If TNR wants to be a “liberalism’s central journal” contributing to the “promise of American life”, it had better live on the Internet. I have a few other companies you might care to read the histories of — they also offered to be “central journals” of various things in the pre-web era, and failed to adapt: Encyclopedia Brittanica as a central journal of knowledge, The Yellow Pages as a central journal of business listings, and Rand McNally as a central journal of cartography.
Consider this: Rand McNally owns maps.com, but uses the website to sell its print maps. Imagine how much accidental type-in traffic they receive from people expecting to actually get what Google Maps offers for free? And ponder how many years it will be from now when young citizens — members of “American life” — type in this address and wonder to themselves, “What on earth are these people selling?”
It won’t be that long before these “maps” look to this person the same way a telegraph machine — or even, a fax machine — looks to me today. Like a clunky artifact of history. An irrelevant product of a prior era.
Liberalism’s central journal won’t be a journal and it won’t be central.
This is something that political blogs like DailyKos.com (Quantcast Rank #299) and AlterNet.org (Quantcast Rank #641) always understood, at a deep level. It is something that the most successful print-to-digital transformations, such as The New Yorker (SimilarWeb US Rank #1,018) and The New York Times (SimilarWeb US Rank #42), are increasingly coming to understand.
Hughes was only speaking the hard truth to his staff: to remain relevant, TNR needs a growing and loyal digital audience. Because sooner or later, there won’t be any other kind for journalism and opinion.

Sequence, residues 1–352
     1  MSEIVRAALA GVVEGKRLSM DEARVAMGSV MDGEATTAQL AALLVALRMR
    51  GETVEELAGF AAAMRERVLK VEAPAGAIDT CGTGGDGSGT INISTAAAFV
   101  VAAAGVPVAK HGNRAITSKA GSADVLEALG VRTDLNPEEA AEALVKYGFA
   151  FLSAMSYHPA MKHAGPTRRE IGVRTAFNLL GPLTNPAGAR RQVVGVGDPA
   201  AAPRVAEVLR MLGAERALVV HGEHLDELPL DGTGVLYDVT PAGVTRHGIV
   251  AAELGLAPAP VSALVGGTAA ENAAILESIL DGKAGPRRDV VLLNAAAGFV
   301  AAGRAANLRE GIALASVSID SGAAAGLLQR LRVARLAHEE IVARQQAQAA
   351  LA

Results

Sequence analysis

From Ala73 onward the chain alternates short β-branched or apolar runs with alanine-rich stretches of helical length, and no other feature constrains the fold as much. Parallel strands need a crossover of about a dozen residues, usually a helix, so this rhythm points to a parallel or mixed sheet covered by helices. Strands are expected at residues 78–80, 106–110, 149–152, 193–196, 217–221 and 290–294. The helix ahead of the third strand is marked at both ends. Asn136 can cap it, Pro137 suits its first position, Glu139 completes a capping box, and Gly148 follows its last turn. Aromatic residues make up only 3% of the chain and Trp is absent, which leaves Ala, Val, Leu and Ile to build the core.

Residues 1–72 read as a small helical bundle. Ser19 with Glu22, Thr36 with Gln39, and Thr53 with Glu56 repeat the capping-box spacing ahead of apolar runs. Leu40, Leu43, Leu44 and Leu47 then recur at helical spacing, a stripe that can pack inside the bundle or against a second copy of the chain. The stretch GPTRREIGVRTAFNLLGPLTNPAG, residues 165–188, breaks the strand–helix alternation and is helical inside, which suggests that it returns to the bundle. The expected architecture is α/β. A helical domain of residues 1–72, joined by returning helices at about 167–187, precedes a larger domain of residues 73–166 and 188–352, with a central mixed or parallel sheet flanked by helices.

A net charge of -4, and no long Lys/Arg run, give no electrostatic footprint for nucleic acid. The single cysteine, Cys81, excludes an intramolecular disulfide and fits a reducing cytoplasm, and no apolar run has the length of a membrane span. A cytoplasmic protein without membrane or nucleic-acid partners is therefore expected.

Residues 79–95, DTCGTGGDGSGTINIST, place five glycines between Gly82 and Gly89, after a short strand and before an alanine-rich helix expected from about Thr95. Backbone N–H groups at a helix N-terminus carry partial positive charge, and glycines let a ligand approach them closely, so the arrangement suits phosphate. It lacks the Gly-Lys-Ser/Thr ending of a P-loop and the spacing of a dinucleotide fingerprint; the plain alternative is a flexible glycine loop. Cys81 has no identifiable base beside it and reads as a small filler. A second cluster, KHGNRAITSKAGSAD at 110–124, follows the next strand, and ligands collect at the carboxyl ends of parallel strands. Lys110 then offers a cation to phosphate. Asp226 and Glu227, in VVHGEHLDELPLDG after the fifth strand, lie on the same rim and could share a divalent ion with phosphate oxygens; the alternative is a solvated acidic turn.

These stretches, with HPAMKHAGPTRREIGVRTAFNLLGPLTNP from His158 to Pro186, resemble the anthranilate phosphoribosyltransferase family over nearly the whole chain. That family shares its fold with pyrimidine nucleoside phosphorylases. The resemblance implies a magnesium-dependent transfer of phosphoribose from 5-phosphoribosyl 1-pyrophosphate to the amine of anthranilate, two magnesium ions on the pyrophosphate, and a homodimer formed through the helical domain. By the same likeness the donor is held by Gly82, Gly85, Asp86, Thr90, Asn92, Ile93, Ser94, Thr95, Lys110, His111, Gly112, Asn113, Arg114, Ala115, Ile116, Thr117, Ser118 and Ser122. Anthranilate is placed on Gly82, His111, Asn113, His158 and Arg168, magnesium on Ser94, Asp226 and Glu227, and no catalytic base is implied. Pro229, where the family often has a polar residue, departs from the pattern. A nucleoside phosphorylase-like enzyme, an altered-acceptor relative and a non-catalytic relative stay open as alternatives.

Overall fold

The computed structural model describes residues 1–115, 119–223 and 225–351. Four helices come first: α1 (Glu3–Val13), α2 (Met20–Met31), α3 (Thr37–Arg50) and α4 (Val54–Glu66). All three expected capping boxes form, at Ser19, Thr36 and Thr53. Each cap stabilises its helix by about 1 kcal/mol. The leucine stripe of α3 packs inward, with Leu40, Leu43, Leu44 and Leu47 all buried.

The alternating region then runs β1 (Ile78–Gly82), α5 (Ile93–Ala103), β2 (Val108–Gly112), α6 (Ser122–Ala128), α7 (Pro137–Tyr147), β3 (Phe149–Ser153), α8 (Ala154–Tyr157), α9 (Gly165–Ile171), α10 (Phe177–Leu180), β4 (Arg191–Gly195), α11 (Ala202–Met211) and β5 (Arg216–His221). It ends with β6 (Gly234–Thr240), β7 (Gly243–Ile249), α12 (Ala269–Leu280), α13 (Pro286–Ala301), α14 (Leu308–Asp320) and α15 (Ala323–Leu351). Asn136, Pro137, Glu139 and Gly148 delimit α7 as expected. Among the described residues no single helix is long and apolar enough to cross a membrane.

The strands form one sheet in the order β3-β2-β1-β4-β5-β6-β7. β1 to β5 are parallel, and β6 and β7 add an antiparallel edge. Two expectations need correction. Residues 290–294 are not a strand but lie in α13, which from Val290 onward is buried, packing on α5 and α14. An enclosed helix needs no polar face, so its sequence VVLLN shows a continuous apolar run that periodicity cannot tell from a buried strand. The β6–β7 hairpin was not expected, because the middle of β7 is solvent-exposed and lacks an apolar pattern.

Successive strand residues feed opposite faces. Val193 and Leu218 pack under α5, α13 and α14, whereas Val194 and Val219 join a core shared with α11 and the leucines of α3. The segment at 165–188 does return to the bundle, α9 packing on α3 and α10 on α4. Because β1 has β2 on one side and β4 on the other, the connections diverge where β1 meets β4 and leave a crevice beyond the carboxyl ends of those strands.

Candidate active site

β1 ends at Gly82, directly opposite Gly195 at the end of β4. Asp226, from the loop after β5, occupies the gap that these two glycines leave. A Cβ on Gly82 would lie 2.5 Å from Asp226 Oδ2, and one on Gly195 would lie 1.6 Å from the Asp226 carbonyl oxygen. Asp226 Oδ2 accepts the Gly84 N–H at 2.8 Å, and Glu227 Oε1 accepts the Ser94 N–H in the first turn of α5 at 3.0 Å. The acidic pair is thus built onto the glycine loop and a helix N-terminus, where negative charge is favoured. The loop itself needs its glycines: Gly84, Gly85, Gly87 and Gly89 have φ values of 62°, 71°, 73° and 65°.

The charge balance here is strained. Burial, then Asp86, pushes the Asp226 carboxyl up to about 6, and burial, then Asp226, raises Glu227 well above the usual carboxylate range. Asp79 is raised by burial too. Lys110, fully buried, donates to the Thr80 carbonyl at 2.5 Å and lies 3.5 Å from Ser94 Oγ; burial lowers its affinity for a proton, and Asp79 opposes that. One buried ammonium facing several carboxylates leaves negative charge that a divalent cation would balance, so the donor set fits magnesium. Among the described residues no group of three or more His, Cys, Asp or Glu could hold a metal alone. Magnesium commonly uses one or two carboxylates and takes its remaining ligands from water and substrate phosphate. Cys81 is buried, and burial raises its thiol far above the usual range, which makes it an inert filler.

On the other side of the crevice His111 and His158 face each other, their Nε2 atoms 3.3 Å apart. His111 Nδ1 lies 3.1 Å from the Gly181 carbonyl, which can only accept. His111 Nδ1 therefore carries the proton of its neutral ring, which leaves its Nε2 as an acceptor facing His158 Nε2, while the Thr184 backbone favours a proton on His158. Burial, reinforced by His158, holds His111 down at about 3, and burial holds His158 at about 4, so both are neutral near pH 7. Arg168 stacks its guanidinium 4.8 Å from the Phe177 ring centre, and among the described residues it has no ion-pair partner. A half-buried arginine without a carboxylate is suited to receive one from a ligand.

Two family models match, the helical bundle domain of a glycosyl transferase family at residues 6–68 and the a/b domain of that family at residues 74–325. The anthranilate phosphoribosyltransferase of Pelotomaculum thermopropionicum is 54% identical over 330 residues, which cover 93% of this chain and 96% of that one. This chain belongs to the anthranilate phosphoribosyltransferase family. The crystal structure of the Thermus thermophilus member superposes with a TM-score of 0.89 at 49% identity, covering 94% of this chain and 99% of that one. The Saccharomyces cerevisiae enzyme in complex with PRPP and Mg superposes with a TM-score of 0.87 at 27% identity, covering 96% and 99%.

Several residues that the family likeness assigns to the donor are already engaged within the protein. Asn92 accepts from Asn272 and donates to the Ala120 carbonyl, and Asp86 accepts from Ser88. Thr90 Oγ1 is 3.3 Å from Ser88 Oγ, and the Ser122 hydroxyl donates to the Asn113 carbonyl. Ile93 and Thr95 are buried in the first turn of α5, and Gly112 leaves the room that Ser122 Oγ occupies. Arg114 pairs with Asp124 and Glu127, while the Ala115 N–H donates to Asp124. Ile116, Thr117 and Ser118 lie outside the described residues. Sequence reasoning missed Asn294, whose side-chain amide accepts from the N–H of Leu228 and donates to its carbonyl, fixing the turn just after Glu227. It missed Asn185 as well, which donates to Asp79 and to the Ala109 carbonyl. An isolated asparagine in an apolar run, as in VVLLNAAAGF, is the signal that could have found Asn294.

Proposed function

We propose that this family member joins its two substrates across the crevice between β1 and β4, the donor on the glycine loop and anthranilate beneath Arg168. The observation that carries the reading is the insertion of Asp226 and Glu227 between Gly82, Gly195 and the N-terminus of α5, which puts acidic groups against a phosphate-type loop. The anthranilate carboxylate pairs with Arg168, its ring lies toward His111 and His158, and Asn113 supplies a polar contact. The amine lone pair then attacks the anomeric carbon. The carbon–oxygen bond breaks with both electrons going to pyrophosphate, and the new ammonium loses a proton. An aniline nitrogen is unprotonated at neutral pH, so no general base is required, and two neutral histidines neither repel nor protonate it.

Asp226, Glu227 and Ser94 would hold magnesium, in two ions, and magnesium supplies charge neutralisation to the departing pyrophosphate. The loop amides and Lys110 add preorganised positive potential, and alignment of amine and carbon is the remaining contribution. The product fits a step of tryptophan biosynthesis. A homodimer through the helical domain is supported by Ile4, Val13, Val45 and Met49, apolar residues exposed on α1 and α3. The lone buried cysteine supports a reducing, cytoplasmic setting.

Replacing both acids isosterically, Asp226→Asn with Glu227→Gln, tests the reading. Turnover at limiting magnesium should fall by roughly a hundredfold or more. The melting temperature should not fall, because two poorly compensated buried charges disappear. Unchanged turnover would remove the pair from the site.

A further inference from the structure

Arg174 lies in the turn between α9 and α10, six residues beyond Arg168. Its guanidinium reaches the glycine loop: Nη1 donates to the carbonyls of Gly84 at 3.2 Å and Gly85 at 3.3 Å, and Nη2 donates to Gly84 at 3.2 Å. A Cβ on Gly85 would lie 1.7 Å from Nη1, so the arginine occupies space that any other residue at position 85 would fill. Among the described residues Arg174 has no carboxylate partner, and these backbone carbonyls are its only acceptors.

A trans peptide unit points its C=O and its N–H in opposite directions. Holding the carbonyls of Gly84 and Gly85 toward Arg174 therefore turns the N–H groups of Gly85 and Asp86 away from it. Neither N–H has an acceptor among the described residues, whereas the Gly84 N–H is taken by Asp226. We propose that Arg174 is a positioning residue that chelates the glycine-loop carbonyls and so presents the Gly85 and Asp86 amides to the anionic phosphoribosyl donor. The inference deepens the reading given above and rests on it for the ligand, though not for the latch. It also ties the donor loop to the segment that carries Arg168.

Would you rather be a footnote of history, or part of history?
I am reminded of another “central journal”, one that focused on the counter-culture communities of the 60’s and 70’s: The Whole Earth Catalog. It is the magazine that Steve Jobs famously quoted in his Stanford commencement speech, the one whose back cover featured the slogan: “Stay Hungry, Stay Foolish”.
In 2008, Kevin Kelly, the founding executive editor of Wired, described the Whole Earth Catalog this way:
For this new countercultural movement, information was a precious commodity. In the 60s, there was no Internet; no 500 cable channels. It was a great example of user-generated content, without advertising, before the Internet.
Basically, Brand invented the blogosphere long before there was any such thing as a blog. […] No topic was too esoteric, no degree of enthusiasm too ardent, no amateur expertise too uncertified to be included.
[…] This I am sure about: it is no coincidence that the Whole Earth Catalogs disappeared as soon as the web and blogs arrived. Everything the Whole Earth Catalogs did, the web does better.
What did Stewart Brand, the editor/founder of the Whole Earth Catalog, think of the rise of the web and what was to become of his own “central journal”? Well, Brand put it bluntly:
Once a new technology rolls over you, if you’re not part of the steamroller, you’re part of the road.